WHEN Gill Williams was growing up in Oxford, her mum tidied up her clothes with this iron while she went scrumping for apples with the neighbours' boys.

Say 'apple' to these teenagers and most of them would think of an iPhone.

In fact, when Mrs Williams told them she used to go scrumping in the vicar's garden in St Ebbe's, the teenagers said they had never even heard the word.

But now they are helping to bridge that 70-year gap with their modern technology.

These 14 students were interviewing Mrs Williams and fellow former St Ebbe's resident David Brown last week as part of a documentary about the famous, rambling Oxford neighbourhood which once thrived where the Westgate Centre now stands.

Next month, they will show their film as part of Oxford's Christmas Lights Festival at Modern Art Oxford which, appropriately, is on one of the few surviving streets of the old neighbourhood – St Ebbe's itself – and right next door to the new Westgate Centre, which is opening today.

Mrs Williams, 73, who now lives in Blackbird Leys, said: "I think it is a really good idea.

"They were asking different questions about what it was like to grow up there and what we did as children, and I was saying obviously there were none of these games they have now: we had hopscotch and skipping and scrumping for apples.

"My son has always been interested in how I grew up, and I think eventually that story will be passed onto his son, which I think is nice."

The film project is being co-ordinated by Film Oxford as part of its iCreative scheme with East Oxford arts charity Fusion Arts.

It has been designed to be a continuation of a history project launched by Oxford artist Rachel Barbaresi last year to uncover the hidden history of what was once 'the beating heart of the city'.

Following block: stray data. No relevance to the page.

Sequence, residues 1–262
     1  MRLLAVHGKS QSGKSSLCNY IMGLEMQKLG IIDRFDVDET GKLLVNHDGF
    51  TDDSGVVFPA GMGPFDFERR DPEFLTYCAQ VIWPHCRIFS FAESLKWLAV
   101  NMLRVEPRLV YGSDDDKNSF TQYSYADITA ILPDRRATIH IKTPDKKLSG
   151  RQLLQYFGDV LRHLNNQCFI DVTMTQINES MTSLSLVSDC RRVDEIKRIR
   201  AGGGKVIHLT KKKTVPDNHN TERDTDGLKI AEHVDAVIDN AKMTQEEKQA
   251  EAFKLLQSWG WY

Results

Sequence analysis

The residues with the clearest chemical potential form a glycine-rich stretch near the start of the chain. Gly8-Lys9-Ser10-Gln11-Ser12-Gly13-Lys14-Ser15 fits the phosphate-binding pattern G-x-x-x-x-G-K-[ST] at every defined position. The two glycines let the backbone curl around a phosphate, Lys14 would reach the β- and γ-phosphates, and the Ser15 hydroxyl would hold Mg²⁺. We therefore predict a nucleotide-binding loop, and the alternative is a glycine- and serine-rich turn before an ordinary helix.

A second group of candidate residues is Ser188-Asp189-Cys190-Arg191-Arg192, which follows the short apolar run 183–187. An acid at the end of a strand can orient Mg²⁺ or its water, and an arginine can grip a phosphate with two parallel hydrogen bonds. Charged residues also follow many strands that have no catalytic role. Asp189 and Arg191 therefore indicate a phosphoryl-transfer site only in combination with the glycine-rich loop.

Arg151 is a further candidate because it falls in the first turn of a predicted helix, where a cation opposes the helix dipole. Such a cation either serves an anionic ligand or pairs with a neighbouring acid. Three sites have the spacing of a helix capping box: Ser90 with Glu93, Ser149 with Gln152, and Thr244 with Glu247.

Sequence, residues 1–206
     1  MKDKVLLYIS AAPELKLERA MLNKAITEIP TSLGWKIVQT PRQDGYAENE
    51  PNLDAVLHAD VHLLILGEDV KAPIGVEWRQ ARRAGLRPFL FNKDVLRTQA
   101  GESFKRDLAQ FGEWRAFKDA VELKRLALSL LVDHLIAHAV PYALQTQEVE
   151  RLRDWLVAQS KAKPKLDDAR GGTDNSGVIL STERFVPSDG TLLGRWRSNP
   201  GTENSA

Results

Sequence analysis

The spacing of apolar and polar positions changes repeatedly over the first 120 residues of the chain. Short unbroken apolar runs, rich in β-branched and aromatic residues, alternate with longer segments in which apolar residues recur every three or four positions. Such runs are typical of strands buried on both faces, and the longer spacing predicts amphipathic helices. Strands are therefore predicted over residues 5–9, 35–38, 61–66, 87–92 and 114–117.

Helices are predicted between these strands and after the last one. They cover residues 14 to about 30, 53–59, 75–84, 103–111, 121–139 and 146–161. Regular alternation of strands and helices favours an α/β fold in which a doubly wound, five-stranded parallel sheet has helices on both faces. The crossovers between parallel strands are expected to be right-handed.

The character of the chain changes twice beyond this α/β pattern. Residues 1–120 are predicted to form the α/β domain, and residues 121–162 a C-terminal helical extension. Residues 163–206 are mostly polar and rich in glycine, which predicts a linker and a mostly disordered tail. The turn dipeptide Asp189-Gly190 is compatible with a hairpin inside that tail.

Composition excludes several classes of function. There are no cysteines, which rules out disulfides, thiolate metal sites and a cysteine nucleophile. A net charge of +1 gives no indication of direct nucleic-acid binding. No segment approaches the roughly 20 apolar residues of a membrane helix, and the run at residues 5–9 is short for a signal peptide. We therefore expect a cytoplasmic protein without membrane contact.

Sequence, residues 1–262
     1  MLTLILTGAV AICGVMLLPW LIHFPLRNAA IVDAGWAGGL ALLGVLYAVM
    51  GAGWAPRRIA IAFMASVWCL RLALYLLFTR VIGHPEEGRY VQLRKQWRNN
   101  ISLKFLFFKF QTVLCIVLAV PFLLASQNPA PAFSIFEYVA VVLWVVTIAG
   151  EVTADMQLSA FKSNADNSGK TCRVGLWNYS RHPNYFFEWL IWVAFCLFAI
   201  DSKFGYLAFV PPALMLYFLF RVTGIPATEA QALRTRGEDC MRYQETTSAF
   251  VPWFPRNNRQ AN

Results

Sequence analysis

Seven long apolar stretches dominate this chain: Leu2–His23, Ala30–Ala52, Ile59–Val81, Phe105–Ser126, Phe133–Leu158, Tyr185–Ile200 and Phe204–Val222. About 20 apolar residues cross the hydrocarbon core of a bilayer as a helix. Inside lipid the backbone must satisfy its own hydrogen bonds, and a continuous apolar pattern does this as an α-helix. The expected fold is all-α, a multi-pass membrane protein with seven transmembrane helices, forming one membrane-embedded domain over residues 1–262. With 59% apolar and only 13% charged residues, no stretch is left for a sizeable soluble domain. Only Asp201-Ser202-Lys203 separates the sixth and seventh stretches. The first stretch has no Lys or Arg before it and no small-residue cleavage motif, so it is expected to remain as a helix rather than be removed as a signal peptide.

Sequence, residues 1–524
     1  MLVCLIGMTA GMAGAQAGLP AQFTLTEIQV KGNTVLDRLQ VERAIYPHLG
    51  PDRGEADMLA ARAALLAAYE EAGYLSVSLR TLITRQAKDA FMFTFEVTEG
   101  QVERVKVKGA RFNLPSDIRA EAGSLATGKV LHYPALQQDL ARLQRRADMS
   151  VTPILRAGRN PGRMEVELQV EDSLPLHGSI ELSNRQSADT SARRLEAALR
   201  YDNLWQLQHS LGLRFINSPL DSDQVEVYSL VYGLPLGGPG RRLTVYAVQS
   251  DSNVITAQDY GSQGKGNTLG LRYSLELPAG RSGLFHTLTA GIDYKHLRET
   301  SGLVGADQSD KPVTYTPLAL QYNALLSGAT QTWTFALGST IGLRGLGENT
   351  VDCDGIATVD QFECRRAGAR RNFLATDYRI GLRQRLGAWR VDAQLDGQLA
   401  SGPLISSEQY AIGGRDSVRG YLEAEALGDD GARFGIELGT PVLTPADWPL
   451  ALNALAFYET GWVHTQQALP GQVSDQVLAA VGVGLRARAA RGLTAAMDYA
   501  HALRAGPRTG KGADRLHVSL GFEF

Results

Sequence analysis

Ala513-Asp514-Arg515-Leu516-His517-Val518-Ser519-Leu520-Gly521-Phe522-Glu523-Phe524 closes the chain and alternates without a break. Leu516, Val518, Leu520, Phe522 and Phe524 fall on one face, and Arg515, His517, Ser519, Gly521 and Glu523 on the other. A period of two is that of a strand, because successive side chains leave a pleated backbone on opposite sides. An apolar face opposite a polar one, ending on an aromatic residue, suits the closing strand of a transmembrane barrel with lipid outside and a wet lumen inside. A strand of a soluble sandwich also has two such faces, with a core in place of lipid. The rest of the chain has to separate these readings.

She presented the fruit of her labours – a giant, glossy, scrapbook of photos and memories – as a gift to the city at Oxford Town Hall in November, and said she fully supported the iCreative film project.

Following on from her art project, these students will screen their documentary as part of an artistic installation about St Ebbe's at MAO.

Geron Swann, of Film Oxford, said he hoped the young film students would take a 'creative journey through the recent history of St Ebbe's'.

Speaking of the MAO exhibition he said: "It would be wonderful to raise the profile of the installation particularly among the people who lived in or remember St Ebbe's.

"I also think, with the £440m Westgate opening over a large area of old St Ebbe's footprint, it's actually quite poignant."

The exhibition, Pigeons over Paradise Square, will run at MAO on Friday, November 17, 5.30pm – 9pm; November 18, 10am – 5pm, and November 19, 12pm – 5pm.